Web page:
Stronger, faster, cheaper
In addition to wind forces, the team had to consider another significant risk: earthquakes. When building in an active fault zone, any structure — especially a supertall tower — must be able to withstand both wind and seismic loads.
Many towers of this size use supplemental bracing systems, called outriggers, to protect against the potential impact of an earthquake. But these systems can increase both building costs and construction time. Instead, SOM was able to devise an alternate solution — a series of massive sloped columns, integrated with the tower’s core, to make the whole structure resistant against lateral forces.
The sloped-column design proved not only faster to build than a conventional outrigger system, but also dramatically reduced the amount of building materials needed. Compared to a previous scheme created by another architect for the same project, SOM’s final design saved 19,000 tons of steel, 10,500 cubic meters of concrete, 3,900 tons of rebar — savings not only in construction cost, but also in terms of the building’s environmental impact.
Thinking outside the (glass) box
Bill Baker, the leader of SOM’s structural engineering practice, has said, “An engineer should design a structure that an architect would be ashamed to cover up.” This adage neatly sums up one of the final challenges on the Tianjin project: designing a facade that would express the tower’s innovative structure, without diminishing the power and grace of its curving geometry. Because of the tower’s unconventional shape, a typical glass curtain wall would not suffice.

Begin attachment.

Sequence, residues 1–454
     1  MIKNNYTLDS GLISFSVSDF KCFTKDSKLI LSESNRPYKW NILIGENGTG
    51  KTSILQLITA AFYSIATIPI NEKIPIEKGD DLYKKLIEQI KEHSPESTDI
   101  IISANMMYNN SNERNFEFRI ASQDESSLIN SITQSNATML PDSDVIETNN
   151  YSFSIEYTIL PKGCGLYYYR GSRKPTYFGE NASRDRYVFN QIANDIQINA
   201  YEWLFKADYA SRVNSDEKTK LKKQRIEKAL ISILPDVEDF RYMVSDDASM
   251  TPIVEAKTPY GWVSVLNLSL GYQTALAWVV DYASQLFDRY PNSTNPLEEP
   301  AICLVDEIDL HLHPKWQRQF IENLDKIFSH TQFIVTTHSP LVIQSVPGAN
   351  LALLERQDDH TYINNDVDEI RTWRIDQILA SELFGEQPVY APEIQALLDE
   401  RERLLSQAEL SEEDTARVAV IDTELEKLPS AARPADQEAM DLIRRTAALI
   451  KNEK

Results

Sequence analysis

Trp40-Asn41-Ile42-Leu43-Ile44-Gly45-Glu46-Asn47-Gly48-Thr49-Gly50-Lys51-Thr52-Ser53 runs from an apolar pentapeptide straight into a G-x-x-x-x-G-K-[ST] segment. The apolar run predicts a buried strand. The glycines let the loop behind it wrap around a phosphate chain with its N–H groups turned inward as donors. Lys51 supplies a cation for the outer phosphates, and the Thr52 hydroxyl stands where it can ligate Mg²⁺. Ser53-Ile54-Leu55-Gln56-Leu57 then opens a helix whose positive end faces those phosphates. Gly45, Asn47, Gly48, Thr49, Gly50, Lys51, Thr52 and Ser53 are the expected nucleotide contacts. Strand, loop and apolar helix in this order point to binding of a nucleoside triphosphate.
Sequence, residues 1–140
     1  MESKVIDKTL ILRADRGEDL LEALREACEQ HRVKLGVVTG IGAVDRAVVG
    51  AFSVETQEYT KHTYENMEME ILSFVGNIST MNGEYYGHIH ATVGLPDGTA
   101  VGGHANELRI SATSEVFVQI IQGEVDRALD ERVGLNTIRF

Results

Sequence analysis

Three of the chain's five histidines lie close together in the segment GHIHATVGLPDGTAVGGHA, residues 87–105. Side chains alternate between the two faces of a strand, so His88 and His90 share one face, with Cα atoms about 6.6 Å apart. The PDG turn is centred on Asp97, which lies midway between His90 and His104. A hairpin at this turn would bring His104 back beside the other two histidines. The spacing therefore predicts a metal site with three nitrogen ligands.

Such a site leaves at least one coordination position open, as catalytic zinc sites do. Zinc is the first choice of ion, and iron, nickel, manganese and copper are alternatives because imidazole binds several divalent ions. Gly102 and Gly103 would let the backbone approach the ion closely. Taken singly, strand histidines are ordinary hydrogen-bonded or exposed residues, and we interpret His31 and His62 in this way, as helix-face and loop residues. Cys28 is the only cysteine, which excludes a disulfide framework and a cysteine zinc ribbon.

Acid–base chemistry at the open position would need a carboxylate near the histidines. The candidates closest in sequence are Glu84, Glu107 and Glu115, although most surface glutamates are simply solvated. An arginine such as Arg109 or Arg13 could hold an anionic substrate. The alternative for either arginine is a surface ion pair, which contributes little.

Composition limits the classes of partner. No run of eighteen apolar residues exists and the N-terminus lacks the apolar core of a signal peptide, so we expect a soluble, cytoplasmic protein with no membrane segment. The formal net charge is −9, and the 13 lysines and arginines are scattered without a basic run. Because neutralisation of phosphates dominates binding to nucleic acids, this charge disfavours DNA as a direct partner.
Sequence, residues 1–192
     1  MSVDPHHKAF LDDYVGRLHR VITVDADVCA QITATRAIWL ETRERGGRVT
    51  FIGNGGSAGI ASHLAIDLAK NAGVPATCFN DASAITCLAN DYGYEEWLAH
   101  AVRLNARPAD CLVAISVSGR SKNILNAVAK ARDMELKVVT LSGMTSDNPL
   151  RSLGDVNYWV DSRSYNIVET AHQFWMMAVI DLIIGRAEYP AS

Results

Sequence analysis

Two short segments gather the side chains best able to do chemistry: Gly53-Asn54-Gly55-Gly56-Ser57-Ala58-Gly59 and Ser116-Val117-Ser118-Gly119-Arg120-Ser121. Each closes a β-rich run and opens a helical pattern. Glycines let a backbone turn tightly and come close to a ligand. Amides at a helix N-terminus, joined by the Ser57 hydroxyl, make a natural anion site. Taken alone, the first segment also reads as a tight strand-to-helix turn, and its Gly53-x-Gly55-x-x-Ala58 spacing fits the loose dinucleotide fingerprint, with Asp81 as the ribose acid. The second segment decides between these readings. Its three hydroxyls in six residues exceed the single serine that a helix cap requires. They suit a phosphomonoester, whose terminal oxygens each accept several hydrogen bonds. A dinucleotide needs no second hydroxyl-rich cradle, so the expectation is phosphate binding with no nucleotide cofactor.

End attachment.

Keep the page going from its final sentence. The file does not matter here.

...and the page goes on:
Here again, SOM found a solution that minimized cost, while enhancing the tower’s performance. The team developed a system of staggered, flat glass panels, set in a mullion system that follows the convex and concave surfaces. “It’s very innovative — definitely not your standard curtain wall,” says Thomas Kinzl, an SOM technical designer on the project.
The unusual design brought a number of advantages. The 275-millimeter-wide mullions create a low window-to-wall ratio, reducing heating and cooling costs, while providing expansive views and maximizing daylight to save on energy needs. What most visitors are apt to notice, however, is the overall visual effect. “The staggered glass panels and crescent-shaped aluminum mullions create a beautiful texture that catches the light. It gives the tower an effervescent quality that’s very striking,” Lee says.
Truly innovative towers are few and far between; the high stakes of high-rise construction usually lead clients to favor conventional designs. But the typical solution is not always the best one.
At Tianjin, SOM found a client willing to take a risk. Equally important, says Lee, was an interdisciplinary team able to integrate new ideas — from structure to facade — into a holistic design. “There isn’t any way that this building would have been achieved without a very close collaboration between architects and engineers, and even interior designers,” he says.
“We pushed for what we believed was the right idea, even though it hadn’t been done before. In the end, our client was able to get a better performing building, at a lower cost, and with a much bigger impact for the city,” Lee says.
The result is not just an icon on the skyline, but also a progressive approach to sustainable development. It signals a bright future for Tianjin, a city on the rise.
Read more about innovative high-rise design around the world: